As Halloween rolls around each year, I look for new ways to my son’s favorite holiday: homemade costumes and decorations, special treats and natural and organic candies that we pile into a bucket on our doorstep for any little goblins, witches and ghouls that might come calling.
This year, I wanted something particularly special and unique for him. But, like the other treats we make at home, it had to be wholesome, natural.
So, I landed upon my newest idea: Glowing Ghost Gummies. And while these ghostly treats are awfully spooky, just like any Halloween treat should be, there’s absolutely nothing spooky about the ingredients.
On the Goodness of Gelatin
Gummy candies and many traditional jellies are given their unique, jiggling and half-solidified texture from gelatin. Particularly rich in easily absorbed protein, gelatin is a particularly healthy addition to the diet. The protein in gelatin is easily absorbed, and gelatin is particularly supportive of digestive system health, as well as skin health. The Gelatin Secret, by Sylvie McCracken, addresses these benefits more extensively.
I typically buy grass-fed beef gelatin, and you can find it here.
What You Need to Make Glowing Ghost Gummies
Fairly straightforward and easily accessed ingredients make these Glowing Ghost Gummies particularly easy to make. And, quite simply, it’s nothing more than a combination of gelatin, lime juice, honey and tonic water that come together to make this treat. Molds give the gummies their ghostly form, and a blacklight allowes them to glow a spooky blue white in a darkened room.
Gelatin provides the gummies with their shape, form and unique jiggling texture. It is also rich in easy-to-assimilate proteins that support digestive health as well as skin health. You can find good-quality gelatin here.
Tonic water, rich in quinine, gives the gummies their ability to glow under a blacklight. Quinine, the traditional flavoring for tonic water, glows naturally by means of fluorescence. That is, its molecular structure allows it to emit light when exposed to the light of a different source. In this case, it emits blue light when exposed to ultraviolet light. Pretty wild, isn’t it?
Quinine, which gives tonic water its characteristic bitterness and allows these gummies to glow beneath a blacklight, comes from the cinchona tree which is traditionally referred to as the fever tree. Quinine has fever-reducing, antimalarial and anti-inflammatory properties.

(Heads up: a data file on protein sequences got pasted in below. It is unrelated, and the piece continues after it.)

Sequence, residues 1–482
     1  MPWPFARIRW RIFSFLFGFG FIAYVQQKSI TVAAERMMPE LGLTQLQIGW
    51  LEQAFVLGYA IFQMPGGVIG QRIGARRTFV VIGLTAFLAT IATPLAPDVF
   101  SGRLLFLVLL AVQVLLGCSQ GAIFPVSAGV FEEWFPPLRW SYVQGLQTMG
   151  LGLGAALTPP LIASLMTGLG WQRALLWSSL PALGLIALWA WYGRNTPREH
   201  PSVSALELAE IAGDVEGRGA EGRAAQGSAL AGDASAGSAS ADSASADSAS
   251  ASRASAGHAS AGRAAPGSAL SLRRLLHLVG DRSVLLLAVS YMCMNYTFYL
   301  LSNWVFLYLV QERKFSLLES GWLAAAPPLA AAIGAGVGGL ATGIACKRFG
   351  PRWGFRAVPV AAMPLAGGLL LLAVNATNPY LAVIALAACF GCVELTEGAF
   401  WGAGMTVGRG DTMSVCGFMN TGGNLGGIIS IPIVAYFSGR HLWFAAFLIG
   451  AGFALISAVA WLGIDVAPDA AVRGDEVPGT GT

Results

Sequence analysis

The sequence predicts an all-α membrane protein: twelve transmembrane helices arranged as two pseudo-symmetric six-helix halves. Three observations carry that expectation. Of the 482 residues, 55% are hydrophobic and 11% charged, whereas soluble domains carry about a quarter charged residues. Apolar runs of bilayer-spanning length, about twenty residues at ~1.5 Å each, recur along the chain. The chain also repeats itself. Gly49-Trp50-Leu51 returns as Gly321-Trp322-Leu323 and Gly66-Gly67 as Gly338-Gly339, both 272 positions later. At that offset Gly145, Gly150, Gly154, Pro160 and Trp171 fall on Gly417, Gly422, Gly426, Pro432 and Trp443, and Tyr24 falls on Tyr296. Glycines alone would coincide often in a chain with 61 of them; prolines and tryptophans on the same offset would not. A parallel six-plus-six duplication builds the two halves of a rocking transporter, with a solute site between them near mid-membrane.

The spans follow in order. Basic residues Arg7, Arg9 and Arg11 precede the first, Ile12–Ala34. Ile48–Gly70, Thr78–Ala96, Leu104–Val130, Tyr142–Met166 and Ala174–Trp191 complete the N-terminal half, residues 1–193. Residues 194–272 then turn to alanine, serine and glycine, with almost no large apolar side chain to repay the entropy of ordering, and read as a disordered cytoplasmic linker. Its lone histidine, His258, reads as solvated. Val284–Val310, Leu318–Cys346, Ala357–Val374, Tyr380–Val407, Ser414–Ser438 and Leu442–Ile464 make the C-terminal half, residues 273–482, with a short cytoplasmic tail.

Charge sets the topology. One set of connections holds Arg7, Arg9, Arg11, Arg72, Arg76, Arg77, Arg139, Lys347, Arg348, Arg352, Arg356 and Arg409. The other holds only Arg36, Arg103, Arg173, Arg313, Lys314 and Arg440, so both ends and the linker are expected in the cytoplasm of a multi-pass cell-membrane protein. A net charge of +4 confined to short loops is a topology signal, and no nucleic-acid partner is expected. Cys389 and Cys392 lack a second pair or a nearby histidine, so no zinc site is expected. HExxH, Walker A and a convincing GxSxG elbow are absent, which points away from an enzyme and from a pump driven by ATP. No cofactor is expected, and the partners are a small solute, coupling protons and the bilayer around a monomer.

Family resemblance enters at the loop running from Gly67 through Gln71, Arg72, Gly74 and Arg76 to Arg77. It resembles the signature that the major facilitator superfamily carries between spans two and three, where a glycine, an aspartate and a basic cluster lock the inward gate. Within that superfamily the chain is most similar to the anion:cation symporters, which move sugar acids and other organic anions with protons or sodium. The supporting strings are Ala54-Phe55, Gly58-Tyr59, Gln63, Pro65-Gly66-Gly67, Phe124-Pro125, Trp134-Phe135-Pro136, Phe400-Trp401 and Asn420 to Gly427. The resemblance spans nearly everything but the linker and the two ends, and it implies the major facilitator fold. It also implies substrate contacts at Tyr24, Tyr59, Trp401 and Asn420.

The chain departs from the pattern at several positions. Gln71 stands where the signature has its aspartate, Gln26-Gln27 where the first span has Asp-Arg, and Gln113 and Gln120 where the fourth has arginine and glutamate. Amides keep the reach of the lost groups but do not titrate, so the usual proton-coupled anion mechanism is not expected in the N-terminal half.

Both for cocktails, like gin and tonics, as well as for these gummies, I purchase natural tonic water from Fever Tree (you can find it here).
Lime Juice, Honey and Lemon Oil
To flavor the gummies, I chose a combination of lime juice, honey and lemon oil. Fruit juice is a solid win for making homemade gummies, but it can be tricky to pair fruit juice with tonic water as the solids and the color in juice can impair the ability of the quinine in tonic water to fluoresce. Organic lemon essential oil, a common flavoring in many sweets and treats, also gives the gummies a punch of flavor in just a few drops. I typically use essential oils from Mountain Rose Herbs.
Where to Find Molds and a Blacklight
Lastly, you’ll need molds to form the gummies and a blacklight to help them to fluoresce. Silicon molds make a good choice, and there’s a wide variety of shapes. My son and I chose these Halloween-themed molds which included tombstones, bats, jack-o-lanterns and ghosts.
Finally, you’ll need a blacklight. Blacklights emit ultraviolet light that allows the gummies to fluoresce, giving off a ghostly pale blue glow. You can find a blacklight here.
|Glowing Lemon-Lime Ghost Gummies|| |
- Warm lime juice and honey together over medium heat until very hot, but not quite boiling.
- Pour tonic water over the gelatin to allow it to soften for a minute or two.
- Pour the hot honey-sweetened lime juice, and lemon oil over the gelatin, and whisk it until the gelatin is completely smooth, without lumps. Pour into molds, filling only up to about ¼ inch, and place them in the fridge to set until completely firm, about 2 hours. Once set, pop them out of the molds. Store up to 1 week in an airtight container, at room temperature.
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